Put simply, reinsurance is insurance for insurance companies. It works when the reinsurer enters into an agreement with the insurance company (known as the ceding party or agent) to transfer a portion of their risk portfolio. This helps the insurance company reduce its chance of paying out a large insurance claim.
There are two main types of reinsurance – facultative reinsurance and a reinsurance treaty. Facultative reinsurance is when the reinsurer shields the insurance company from an individual or specified risk. If there are a few different types of separate risks that need reinsuring, these must be negotiated separately and the reinsurer can choose whether to accept or deny a proposed risk.
In contrast to this, under a reinsurance treaty, the reinsurer is obligated to take on all types of risks over a set period.
How did reinsurance start?
The reinsurance sector started in Germany in 1842, after the Great Fire of Hamburg, which forced local insurers to pay out enormous claims. The first dedicated and independent reinsurance company was Cologne Re, but it took them four years to become fully licenced and they only signed their first reinsurance business in 1852.
After that, the reinsurance sector quickly escalated, mainly because reinsurers were relatively inexpensive to set up and run. They were also able to spread risk on an international scale, and were active in most or all lines of business known at the time. They did, however, struggle to advertise, relying solely on the word of their clients or brokers and were charged excessive fees by insurers, who generally offloaded their worst risks to them.
The Swiss Reinsurance Company, established in Zurich in 1863, helped to discipline the sector with a set of proper and strict underwriting regulations that let the industry flourish.
Soon after, Münchener Rückversicherungsgesellschaft Reinsurance (Munich Re) set up in 1880 in Germany and Lloyd’s underwriter, which also operates with reinsurance set up in London. In America, reinsurance companies started towards the end of the 1900s.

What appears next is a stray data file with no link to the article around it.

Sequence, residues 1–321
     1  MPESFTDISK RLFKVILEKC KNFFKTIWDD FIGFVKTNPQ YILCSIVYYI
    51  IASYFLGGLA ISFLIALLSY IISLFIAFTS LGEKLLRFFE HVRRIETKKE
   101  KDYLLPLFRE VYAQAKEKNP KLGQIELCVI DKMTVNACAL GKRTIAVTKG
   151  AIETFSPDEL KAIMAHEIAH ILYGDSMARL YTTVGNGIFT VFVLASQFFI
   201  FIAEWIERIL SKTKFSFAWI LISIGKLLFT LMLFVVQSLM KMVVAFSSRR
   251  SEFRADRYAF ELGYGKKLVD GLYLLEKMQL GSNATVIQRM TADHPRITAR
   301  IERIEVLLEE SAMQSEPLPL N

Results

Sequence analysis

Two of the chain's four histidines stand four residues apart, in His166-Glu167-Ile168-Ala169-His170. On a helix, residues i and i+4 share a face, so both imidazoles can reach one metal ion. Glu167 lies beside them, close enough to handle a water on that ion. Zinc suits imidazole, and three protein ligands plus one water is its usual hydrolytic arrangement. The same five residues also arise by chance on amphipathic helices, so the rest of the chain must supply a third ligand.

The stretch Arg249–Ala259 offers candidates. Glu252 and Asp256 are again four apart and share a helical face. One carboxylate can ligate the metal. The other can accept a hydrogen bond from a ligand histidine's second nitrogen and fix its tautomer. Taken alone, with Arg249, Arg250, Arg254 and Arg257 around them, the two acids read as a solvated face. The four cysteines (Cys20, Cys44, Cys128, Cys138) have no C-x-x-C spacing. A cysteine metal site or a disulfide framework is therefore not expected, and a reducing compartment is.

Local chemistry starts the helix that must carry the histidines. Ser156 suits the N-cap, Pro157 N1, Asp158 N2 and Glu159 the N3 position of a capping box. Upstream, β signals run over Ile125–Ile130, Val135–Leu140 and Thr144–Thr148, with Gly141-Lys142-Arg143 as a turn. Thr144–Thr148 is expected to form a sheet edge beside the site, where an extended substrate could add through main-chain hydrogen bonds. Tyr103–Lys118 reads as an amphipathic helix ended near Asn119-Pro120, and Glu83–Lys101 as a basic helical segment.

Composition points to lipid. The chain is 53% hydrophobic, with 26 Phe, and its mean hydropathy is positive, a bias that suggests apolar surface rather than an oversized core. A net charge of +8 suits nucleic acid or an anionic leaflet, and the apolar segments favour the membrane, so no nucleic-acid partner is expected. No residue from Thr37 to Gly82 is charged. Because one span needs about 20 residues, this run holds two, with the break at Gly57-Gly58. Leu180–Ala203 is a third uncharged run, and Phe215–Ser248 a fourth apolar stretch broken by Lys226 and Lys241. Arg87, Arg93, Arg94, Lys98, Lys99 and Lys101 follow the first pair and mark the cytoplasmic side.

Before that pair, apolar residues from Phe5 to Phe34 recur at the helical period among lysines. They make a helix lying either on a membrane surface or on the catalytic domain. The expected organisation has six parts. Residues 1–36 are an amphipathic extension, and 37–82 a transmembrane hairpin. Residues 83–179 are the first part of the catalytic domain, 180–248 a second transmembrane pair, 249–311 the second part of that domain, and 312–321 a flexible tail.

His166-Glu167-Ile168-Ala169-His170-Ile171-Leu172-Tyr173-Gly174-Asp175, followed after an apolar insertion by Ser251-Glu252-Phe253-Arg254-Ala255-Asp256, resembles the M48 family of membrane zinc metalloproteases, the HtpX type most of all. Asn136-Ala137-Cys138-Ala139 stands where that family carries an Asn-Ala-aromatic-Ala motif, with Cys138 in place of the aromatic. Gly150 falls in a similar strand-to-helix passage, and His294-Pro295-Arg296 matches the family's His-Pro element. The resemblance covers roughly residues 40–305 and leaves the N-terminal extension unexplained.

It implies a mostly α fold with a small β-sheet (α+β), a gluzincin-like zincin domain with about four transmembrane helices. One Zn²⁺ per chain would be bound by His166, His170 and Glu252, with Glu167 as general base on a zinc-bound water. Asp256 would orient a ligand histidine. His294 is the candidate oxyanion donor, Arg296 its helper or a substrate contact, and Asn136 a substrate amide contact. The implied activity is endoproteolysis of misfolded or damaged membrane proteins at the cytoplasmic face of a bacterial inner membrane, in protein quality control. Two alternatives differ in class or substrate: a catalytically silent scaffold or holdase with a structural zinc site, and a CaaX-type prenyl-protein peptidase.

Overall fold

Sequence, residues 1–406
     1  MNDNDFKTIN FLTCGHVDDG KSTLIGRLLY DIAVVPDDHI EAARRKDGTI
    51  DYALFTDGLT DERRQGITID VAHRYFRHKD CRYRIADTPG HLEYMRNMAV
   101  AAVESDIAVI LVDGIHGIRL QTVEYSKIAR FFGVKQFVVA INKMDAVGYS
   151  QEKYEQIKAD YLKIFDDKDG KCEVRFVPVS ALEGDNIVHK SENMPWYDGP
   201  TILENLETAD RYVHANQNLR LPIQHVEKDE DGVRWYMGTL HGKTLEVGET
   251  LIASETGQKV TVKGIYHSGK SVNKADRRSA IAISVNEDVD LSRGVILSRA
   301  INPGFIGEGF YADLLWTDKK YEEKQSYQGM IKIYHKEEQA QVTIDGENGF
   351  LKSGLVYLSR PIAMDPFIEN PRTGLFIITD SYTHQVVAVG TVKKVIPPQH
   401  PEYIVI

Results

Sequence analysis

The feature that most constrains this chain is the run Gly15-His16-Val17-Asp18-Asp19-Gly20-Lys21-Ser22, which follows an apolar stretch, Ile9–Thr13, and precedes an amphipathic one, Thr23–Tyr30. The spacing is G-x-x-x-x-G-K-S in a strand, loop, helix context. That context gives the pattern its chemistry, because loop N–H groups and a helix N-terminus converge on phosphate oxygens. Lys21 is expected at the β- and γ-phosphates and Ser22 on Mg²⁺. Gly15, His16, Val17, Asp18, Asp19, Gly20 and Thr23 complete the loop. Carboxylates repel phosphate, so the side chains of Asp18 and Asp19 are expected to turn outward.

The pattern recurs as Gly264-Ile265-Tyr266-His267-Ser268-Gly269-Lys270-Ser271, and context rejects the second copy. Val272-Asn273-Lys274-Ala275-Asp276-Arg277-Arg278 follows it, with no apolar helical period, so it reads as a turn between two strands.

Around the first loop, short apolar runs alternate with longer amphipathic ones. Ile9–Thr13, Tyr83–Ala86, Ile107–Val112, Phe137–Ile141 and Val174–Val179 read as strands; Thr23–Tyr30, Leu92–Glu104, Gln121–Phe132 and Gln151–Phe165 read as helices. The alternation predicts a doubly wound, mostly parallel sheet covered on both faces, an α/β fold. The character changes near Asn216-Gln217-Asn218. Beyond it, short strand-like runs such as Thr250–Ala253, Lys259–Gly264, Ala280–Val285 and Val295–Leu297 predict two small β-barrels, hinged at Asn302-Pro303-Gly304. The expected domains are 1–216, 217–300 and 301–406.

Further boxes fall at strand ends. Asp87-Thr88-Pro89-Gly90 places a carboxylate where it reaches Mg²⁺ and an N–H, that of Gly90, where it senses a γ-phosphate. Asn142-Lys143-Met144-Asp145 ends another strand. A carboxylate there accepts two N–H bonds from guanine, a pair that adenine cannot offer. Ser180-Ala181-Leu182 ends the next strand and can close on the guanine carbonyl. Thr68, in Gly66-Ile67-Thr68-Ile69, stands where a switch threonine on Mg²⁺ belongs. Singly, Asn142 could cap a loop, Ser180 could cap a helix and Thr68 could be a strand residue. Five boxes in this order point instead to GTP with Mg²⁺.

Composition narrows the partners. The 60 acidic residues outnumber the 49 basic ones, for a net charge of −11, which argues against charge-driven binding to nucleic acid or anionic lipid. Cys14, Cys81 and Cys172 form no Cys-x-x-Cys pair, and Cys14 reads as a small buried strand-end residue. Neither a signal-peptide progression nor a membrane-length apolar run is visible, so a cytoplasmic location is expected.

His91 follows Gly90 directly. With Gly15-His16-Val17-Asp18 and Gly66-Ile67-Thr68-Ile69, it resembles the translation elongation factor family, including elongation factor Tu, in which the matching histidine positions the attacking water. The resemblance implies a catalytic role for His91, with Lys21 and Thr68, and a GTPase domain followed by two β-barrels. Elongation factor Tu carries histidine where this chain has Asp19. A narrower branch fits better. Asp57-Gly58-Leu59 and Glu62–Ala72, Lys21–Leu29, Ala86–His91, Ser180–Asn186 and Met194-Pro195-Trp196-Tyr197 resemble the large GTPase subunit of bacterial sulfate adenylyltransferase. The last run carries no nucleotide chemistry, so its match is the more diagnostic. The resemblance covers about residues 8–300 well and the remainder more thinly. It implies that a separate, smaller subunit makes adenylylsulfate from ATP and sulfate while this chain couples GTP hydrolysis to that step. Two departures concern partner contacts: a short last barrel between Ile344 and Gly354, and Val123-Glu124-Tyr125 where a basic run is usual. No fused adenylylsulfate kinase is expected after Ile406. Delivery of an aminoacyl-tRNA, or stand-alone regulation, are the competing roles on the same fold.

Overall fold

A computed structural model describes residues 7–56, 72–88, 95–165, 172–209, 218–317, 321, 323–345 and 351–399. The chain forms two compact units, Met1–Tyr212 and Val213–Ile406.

Today some of the biggest reinsurance companies include Berkshire Hathaway, PartnerRe, Everest Re Group, SCOR S.E and Hannover Rück SE as well as Swiss Re. Munich Re and Lloyd’s.
The industry is not as regulated as the insurance sector, because the insurers who purchase reinsurance are considered sophisticated buyers. Just like insurers, reinsurers also have to submit financial statements to regulators who monitor their financial health.
How does reinsurance help the insurance industry?
Without reinsurers, insurance companies would not be able to survive financially. Reinsurers essentially provide insurers with predictability in a generally unpredictable market. Their business is based on the theory that two or more catastrophic events would hardly occur within the same period and in one single place, let alone the possibility of occurring at the same time in any two parts of the world.
By transferring their risk, insurers are able to underwrite more policies with even higher limits. In principle, the insurer is taking on more risk, but this makes them far more appealing to a broader clientele.
Reinsurers use their own models to evaluate the riskiness of policies and in some cases, may charge the insurer a lower rate than what the insurer charges its clients. This is beneficial to the insurer as they receive more value on their risk.
Spreading their high-risk insurance liabilities insulates an insurer from paying out potentially large losses from unexpected natural disasters, for example. In the past, pay-outs from earthquakes and hurricanes have caused abnormally high claims, which can potentially bankrupt an insurance company.